City and county officials are saying a dispute over funding for computers at the Havelock library is in the past, with a solution to the situation on the horizon.

City and county officials are saying a dispute over funding for computers at the Havelock library is in the past, with a solution to the situation on the horizon.

"I donít want this to end up being a problem between us when weíre about to have a solution to it in September," said Will Lewis, a Havelock commissioner who serves as a liaison for the Havelock library.

That solution involves purchase of a new Linux-based system for all libraries in the Craven-Pamlico-Carteret library system.

The Havelock library had put in a special request for $10,000 on top of its budget for the purchase of new computers. While Havelock commissioners agreed to fund $4,000, the county did not supply any money in its budget, believing the city would fund the entire cost based on a comment Lewis made during a meeting.

The lack of funding from the county angered some in Havelock who felt the county needed to do more to support a library used by both county and city residents.

Lewis said his comment was misinterpreted and blamed the dispute on miscommunication. He said all involved were working together toward the new system, which could mean new computers for the Havelock library by October.

Susan W. Simpson, interim director of the CPC Regional Library, said Havelock is not alone in its need for new computers.

"All the public-use computers need replacing," she said. "Itís the computer industry. We canít keep up with it."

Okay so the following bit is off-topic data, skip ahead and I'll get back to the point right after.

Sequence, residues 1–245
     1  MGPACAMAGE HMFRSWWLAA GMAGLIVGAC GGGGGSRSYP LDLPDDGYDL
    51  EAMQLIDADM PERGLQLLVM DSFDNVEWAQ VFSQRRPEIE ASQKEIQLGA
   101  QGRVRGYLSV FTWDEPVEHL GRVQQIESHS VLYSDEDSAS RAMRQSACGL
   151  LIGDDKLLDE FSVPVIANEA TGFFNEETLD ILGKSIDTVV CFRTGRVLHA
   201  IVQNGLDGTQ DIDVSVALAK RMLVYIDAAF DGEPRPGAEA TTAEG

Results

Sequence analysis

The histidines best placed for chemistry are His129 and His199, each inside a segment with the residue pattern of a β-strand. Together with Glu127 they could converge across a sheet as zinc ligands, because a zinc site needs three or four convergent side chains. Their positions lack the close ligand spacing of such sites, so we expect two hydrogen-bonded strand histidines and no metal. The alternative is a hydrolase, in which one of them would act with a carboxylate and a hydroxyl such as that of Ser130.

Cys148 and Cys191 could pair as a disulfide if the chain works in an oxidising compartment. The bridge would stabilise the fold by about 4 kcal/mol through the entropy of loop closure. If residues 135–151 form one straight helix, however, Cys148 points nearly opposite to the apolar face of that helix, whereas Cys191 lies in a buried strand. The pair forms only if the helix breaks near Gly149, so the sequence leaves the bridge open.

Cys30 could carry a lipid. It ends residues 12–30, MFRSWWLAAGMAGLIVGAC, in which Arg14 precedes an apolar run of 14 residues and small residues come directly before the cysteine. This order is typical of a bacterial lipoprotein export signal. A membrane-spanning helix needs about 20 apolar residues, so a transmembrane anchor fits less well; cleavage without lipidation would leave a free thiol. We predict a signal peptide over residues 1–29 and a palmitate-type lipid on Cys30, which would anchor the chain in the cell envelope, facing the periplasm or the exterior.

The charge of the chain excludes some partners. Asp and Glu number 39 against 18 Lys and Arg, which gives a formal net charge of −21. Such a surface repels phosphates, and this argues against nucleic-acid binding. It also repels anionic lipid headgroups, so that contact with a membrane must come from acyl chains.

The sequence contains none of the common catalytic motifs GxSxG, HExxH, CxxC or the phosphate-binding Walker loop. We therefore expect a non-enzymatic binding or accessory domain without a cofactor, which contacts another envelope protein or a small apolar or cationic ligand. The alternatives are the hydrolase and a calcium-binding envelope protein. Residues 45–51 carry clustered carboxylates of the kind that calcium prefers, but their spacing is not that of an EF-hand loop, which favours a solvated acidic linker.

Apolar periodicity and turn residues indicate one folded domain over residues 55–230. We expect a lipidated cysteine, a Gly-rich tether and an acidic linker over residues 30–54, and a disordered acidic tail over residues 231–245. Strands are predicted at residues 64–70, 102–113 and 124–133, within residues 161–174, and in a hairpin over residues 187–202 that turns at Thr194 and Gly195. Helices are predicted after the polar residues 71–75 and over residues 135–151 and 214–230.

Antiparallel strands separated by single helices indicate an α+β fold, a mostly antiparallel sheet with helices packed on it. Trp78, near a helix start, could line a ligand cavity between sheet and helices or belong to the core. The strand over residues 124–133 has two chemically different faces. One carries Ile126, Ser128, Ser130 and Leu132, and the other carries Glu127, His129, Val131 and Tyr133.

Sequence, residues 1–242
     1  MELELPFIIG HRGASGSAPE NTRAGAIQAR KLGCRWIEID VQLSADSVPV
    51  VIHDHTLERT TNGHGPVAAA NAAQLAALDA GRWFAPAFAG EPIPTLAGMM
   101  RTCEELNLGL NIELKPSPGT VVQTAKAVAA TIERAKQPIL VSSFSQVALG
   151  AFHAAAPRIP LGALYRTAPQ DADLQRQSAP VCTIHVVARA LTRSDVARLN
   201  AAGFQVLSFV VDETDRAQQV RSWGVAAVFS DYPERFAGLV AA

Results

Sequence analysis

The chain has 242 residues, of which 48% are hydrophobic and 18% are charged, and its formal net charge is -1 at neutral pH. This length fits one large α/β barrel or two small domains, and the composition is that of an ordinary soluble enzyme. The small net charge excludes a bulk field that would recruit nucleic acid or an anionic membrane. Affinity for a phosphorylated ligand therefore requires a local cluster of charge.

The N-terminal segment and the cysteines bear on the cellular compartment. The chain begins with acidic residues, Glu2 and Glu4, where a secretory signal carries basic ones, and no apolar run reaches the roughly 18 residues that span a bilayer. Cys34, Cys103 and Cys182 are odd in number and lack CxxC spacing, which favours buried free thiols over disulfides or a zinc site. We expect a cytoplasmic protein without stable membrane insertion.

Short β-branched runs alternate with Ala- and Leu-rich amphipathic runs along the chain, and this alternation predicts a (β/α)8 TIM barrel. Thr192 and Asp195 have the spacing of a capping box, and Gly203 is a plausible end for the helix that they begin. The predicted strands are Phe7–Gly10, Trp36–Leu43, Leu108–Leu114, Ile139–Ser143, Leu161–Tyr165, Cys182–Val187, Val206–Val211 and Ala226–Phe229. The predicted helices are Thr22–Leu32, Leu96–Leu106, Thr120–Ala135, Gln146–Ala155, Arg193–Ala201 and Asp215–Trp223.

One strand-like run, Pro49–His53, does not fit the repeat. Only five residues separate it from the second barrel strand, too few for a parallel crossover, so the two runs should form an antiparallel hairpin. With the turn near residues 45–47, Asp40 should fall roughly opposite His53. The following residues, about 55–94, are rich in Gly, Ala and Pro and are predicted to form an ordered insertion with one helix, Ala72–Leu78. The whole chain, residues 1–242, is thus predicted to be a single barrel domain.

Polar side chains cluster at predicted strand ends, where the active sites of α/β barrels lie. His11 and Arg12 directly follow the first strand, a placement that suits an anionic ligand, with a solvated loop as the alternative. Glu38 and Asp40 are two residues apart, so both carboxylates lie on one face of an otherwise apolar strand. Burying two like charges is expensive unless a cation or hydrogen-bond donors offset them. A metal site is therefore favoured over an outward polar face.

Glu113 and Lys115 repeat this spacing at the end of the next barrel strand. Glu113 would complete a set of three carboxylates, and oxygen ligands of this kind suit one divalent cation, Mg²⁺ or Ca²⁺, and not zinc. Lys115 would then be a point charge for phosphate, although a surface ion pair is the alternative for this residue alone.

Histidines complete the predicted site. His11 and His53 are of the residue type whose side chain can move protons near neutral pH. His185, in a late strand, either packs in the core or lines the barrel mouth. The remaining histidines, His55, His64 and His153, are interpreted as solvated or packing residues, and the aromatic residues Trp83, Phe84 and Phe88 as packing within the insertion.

Only seven of the 12 public-use computers at the Havelock library are working, and patrons say those are slow and in some cases freeze up during online sessions, making it difficult for students to take tests and for residents to apply for jobs.

"Thatís pretty much the way it is throughout our regional libraries," Simpson said.

The Havelock library computers have come from different sources over the years and have different software. Simpson said getting new computers with the latest Windows 8 software for the entire library system was too expensive.

The Linux system, which uses a main server to which computers would connect, would be less expensive.

"Weíve been talking to a company who is willing to give us a really good price on computers that do not have the Windows environment," Simpson said. "Weíve been trying to get our ducks in a row. If we can get all 10 libraries to be able to join in this, we can get computers with the software at an incredible price.

"Weíve talked to the county IT guy. Weíve talked to the Havelock IT guys and a couple of other really smart IT persons, and they all say that this is a good deal and that this is a good product."

Simpson said the estimated cost of the system for the Havelock library is $7,000 to $8,000. An initial down payment on the system is about $3,700, said Lewis, who is proposing the cityís $4,000 be put toward that amount.

Lewis said he has talked with Craven County Board of Commissioners Chairman Scott Dacey about the county paying the remainder of the balance through its budget next fiscal year. An informal meeting among county and city officials is scheduled for Aug. 19 when the issue is expected to be discussed.

The solution sits well with Havelock head librarian Margie Garrison.

"Iím very pleased. I think itís a great solution," she said. "The price is going to be wonderful. Because of the way it works, weíll be able to get more computers for the public rather than if we did single PCs. Itís a win-win."

Meanwhile, upon hearing of the computer situation at the Havelock library, Craven Community College decided to donate four more computers.

"Itís wonderful news," Garrison said.

Lewis said that the purchase of the new system could happen as early as September, when it is hoped that a permanent regional library director will have been hired.